Blog Posts in October 2021
Long long time ago (seven years to be precise), ISOC naively tried to bridge the gap between network operators and Internet
Vendor Engineering Task Force1. They started with a widespread survey asking operators why they’re hesitant to participate in IETF mailing lists and meetings.
The result: Operators and the IETF draft that never moved beyond -00 version. A quick glimpse into the Potential Challenges will tell you why IETF preferred to kill the messenger (and why I published this blog post on Halloween).
Just FYI: if you’re wondering about the wisdom of every networking engineer should become a programmer religion, you might benefit from the Programming Sucks reality check. I had just enough exposure to programming to realize how spot-on it is (and couldn’t decide whether to laugh or cry).
We have school holidays this week, so I’m reposting wonderful comments that would otherwise be lost somewhere in the page margins. Today: Minh Ha on recent Facebook failure and overly complex systems (slightly edited).
I incidentally commented on your NSF post some 3 weeks before […the Facebook outage…] happened, on the unpredictable nature of nonlinear effects resulting from optimization-induced complexity. Their outage just drives home the point that optimization is a dumb process and leads to combinations of circular dependency that no one can account for and test.
We have school holidays this week, so I’m reposting wonderful comments that would otherwise be lost somewhere in the page margins. Today: Erik Auerswald’s excellent summary of BFD, NSF, and GR.
I’d suggest to step back a bit and consider the bigger picture: What is BFD good for? What is GR/NSF/NSR/SSO good for?
BFD and GR/NSF/NSR/SSO have different goals: one enables quick fail over, the other prevents fail over. Combining both promises to be interesting.
We have school holidays this week, so I’m reposting wonderful comments that would otherwise be lost somewhere in the page margins. Today: Minh Ha on complexity of emulating layer-2 networks with VXLAN and EVPN.
Dmytro Shypovalov is a master networker who has a sophisticated grasp of some of the most advanced topics in networking. He doesn’t write often, but when he does, he writes exceptional content, both deep and broad. Have to say I agree with him 300% on “If an L2 network doesn’t scale, design a proper L3 network. But if people want to step on rakes, why discourage them.”
We have school holidays this week, so I’m reposting wonderful comments that would otherwise be lost somewhere in the page margins. Today: Dmitry Perets on the interactions between BFD and GR.
Well, assuming that the C-bit is set honestly (will be funny if not) and assuming that the Helper is using this bit correctly (and I think it’s pretty well defined what “correctly” means - see section 4.3 in RFC 5882), the answer is pretty clear.
A few weeks ago I asked my subscribers which webinar they’d like to see in November (thanks a million to everyone who replied!). Not surprisingly, network automation got the top spot, but I was a bit sad to see my long-term pet project at the bottom of the list:
In case you’re ever asked to justify an investment in network automation, read How to Make the Case for Automation Architecture first. Not surprisingly, it includes the evergreen what problem are you trying to solve?
Network validation is becoming another overhyped buzzword with many opinionated pundits talking about it and few environments using it in practice (why am I not surprised?)
As always, there are exceptions. They don’t have to be members of the FAANG club, and some of them get the job done with open-source tools regardless of what vendor marketers would like you to believe. For example, Donatas Abraitis described how the Hostinger networking team gradually implemented network validation using Cumulus VX, Vagrant, SuzieQ, PyTest and Test Kitchen. Enjoy!
In May 2021, Javier Antich ran a great webinar explaining the principles of Artificial Intelligence and Machine learning and how they apply (or not) to networking.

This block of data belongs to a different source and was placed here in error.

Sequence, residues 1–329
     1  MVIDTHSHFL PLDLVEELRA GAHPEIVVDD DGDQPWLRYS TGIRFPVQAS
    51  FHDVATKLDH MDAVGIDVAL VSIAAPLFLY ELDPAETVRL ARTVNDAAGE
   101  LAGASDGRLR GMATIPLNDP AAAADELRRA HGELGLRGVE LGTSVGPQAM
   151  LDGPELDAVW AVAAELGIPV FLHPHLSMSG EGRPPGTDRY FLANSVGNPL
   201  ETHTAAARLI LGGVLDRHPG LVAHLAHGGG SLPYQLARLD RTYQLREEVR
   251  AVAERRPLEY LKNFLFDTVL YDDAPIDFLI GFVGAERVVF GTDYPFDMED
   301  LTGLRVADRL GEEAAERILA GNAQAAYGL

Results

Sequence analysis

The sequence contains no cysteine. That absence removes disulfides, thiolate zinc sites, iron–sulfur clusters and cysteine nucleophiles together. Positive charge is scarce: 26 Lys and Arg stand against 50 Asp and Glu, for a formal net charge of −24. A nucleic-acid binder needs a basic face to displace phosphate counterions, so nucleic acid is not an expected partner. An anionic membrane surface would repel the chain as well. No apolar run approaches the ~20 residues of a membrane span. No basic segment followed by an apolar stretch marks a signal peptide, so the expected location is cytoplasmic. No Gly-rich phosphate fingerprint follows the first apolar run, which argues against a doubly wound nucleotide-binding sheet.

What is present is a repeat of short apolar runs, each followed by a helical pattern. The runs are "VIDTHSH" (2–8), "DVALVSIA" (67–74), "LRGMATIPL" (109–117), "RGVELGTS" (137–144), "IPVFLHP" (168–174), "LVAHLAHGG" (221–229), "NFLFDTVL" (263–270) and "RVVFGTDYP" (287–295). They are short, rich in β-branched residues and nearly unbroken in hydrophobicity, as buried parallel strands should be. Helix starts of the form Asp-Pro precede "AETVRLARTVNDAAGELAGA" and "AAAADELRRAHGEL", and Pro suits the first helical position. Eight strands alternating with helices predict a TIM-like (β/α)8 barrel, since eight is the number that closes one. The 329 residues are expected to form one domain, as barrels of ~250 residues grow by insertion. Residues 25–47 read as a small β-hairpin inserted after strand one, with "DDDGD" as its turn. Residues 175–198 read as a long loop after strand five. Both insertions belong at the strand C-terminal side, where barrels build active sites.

He started with a brief overview of AI/ML hype that should help you understand why there’s a bit of a difference between self-driving cars (not that we got there) and self-driving networks.
A while ago, my friend Nicola Modena sent me another intriguing curveball:
Imagine a CTO who has invested millions in a super-secure data center and wants to consolidate all compute workloads. If you were asked to run a BGP Route Reflector as a VM in that environment, and would like to bring OSPF or ISIS to that box to enable BGP ORR, would you use a GRE tunnel to avoid a dedicated VLAN or boring other hosts with routing protocol hello messages?
While there might be good reasons for doing that, my first knee-jerk reaction was:
I was happily munching popcorn while watching the latest season of Lack of DHCPv6 on Android soap opera on v6ops mailing list when one of the lead actors trying to justify the current state of affairs with a technical argument quoted an RFC to prove his rightful indignation with DHCPv6 and the decision not to implement it in Android:
[…not having multiple IPv6 addresses per interface…] is also harmful for a variety of reasons, and for general purpose devices, it’s not recommended by the IETF. That’s exactly what RFC 7934 is about - explaining why it’s harmful.
The whole High Availability Switching series started with a question along the lines of “does it make sense to run BFD together with Graceful Restart”. After Non-Stop Forwarding 101, Graceful Restart 101, and Graceful Restart and Convergence Speed we finally have enough information to answer that question.
TL&DR: Most probably not.
A more nuanced answer depends (as always) on a gazillion implementation details.
In mid-October I finally found time to add the icing to the netlab cake: netlab up command takes a lab topology and does everything needed to have a running virtual lab:
- Create Vagrantfile or containerlab topology file
- Create Ansible inventory
- Start the lab with vagrant up or containerlab deploy
- Deploy device configurations, from LLDP and interface addressing to routing protocols and Segment Routing
Every other blue moon someone writes (yet another) article along the lines of professional liability would solve so many broken things in the IT industry. This time it’s Poul-Henning Kamp of the FreeBSD and Varnish fame with The Software Industry IS STILL the Problem. Unfortunately it’s just another stab at the windmills considering how much money that industry pours into lobbying.
Decades ago there was a trick question on the CCIE exam exploring the intricate relationships between MAC and ARP table. I always understood the explanation for about 10 minutes and then I was back to I knew why that’s true, but now I lost it.
Fast forward 20 years, and we’re still seeing the same challenges, this time in EVPN networks using in-subnet proxy ARP. For more details, read the excellent ARP problems in EVPN article by Dmytro Shypovalov (I understood the problem after reading the article, and now it’s all a blur 🤷♂️).